Successful Electroconvulsive Therapy for a Patient With McArdle Disease
Electroconvulsive therapy (ECT) is a recommended option for patients with treatment-resistant depression and a high risk of suicide and for other severe mental illnesses. The efficacy of ECT is dependent on the duration of the electrically induced seizure delivered in anesthetized patients. Increased muscular activity during a seizure may produce rhabdomyolysis, especially in patients with hereditary metabolic disorders such as McArdle disease.
McArdle disease, also known as glycogen storage disease type V (GSD-V), is the most common metabolic myopathy of muscle carbohydrate metabolism, caused by mutations in the PYGM gene on chromosome 11q13, which encodes the muscle glycogen phosphorylase.1 Patients with GSD-V typically present exercise intolerance, episodic rhabdomyolysis, and the second wind phenomenon. The lack of the glycolytic enzyme is responsible for an inability to use glycogen reserves and is suspected for increasing the risk of hyperkalemia, myoglobinuria, and acute renal failure. Psychiatrists may hesitate to perform ECT on patients with such somatic risks.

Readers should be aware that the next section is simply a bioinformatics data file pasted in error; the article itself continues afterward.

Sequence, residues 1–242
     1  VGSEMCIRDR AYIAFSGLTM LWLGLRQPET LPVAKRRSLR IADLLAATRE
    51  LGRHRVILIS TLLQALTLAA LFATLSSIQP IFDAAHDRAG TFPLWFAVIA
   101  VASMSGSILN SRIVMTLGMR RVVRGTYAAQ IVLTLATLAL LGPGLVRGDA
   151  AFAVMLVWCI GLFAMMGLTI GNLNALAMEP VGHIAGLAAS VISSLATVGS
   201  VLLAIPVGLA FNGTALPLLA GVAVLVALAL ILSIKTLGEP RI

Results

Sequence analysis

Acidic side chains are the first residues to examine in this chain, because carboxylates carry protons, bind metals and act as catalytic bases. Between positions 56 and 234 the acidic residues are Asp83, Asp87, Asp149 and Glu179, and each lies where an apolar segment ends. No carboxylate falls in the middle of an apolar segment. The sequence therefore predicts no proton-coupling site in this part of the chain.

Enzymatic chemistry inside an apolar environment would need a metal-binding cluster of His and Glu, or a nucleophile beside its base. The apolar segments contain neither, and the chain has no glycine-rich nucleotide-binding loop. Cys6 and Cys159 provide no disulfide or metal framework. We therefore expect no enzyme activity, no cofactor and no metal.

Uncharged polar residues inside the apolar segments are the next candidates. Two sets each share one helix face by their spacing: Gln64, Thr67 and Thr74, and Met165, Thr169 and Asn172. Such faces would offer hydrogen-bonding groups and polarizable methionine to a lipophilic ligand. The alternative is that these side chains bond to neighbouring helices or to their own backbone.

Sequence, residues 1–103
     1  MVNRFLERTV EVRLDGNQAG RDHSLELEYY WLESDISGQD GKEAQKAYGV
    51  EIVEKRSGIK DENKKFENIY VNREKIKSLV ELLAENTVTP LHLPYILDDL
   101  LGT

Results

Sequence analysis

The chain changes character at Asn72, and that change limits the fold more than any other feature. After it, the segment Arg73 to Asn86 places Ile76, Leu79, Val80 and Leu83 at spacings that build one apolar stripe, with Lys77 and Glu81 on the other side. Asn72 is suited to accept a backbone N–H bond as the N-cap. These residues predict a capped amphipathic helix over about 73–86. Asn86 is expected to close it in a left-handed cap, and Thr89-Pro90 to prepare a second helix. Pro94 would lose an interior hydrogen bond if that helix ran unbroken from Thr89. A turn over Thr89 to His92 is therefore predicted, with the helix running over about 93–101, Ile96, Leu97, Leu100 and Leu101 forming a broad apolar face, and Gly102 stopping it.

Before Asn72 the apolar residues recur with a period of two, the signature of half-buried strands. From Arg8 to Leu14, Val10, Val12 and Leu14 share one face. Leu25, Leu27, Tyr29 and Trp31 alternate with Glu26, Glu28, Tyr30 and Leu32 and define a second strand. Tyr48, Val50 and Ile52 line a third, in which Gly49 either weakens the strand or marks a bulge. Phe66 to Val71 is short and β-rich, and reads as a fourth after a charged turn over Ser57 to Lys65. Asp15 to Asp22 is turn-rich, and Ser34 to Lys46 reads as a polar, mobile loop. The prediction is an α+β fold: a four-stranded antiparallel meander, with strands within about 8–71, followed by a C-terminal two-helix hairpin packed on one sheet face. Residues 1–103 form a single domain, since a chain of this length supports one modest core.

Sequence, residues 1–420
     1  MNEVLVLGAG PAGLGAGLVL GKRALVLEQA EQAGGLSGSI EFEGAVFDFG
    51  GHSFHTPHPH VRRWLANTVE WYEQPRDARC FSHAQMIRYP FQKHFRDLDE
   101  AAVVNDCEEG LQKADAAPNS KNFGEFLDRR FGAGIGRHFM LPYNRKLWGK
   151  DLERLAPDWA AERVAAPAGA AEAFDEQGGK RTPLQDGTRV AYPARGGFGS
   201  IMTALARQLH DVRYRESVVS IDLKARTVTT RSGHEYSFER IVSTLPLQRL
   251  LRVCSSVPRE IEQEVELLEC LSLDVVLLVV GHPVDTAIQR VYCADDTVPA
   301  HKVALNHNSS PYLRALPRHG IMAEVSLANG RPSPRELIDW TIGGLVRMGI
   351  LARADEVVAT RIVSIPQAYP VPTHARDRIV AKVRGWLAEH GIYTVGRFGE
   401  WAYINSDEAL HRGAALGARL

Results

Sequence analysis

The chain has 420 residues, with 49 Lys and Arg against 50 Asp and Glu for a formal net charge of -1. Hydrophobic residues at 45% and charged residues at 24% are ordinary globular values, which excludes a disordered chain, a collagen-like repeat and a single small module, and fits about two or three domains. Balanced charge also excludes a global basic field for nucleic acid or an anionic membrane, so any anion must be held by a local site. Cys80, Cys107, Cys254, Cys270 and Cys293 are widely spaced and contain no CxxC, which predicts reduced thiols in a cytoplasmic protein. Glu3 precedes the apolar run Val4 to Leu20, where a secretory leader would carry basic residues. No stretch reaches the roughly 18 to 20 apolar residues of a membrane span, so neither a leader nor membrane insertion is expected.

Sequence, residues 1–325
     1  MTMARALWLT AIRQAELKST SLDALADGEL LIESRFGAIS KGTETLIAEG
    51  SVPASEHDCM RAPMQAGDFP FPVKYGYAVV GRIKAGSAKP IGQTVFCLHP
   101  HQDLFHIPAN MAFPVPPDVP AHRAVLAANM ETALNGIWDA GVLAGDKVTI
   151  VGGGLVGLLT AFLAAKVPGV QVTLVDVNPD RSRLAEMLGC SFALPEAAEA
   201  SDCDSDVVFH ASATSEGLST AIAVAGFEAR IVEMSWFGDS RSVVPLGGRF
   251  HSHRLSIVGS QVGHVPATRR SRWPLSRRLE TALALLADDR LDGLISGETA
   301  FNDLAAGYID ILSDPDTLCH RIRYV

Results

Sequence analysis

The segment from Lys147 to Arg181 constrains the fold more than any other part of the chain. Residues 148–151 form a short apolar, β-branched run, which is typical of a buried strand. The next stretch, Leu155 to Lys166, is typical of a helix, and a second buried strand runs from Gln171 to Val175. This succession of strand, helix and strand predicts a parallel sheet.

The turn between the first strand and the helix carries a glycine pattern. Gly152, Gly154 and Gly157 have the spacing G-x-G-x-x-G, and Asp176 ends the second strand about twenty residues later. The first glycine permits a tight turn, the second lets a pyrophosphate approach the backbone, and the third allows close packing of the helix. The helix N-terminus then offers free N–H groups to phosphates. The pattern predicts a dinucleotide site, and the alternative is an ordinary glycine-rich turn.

Here, we first demonstrate the safety and the efficacy of ECT in a patient with GSD-V, using anesthesia with rocuronium-sugammadex.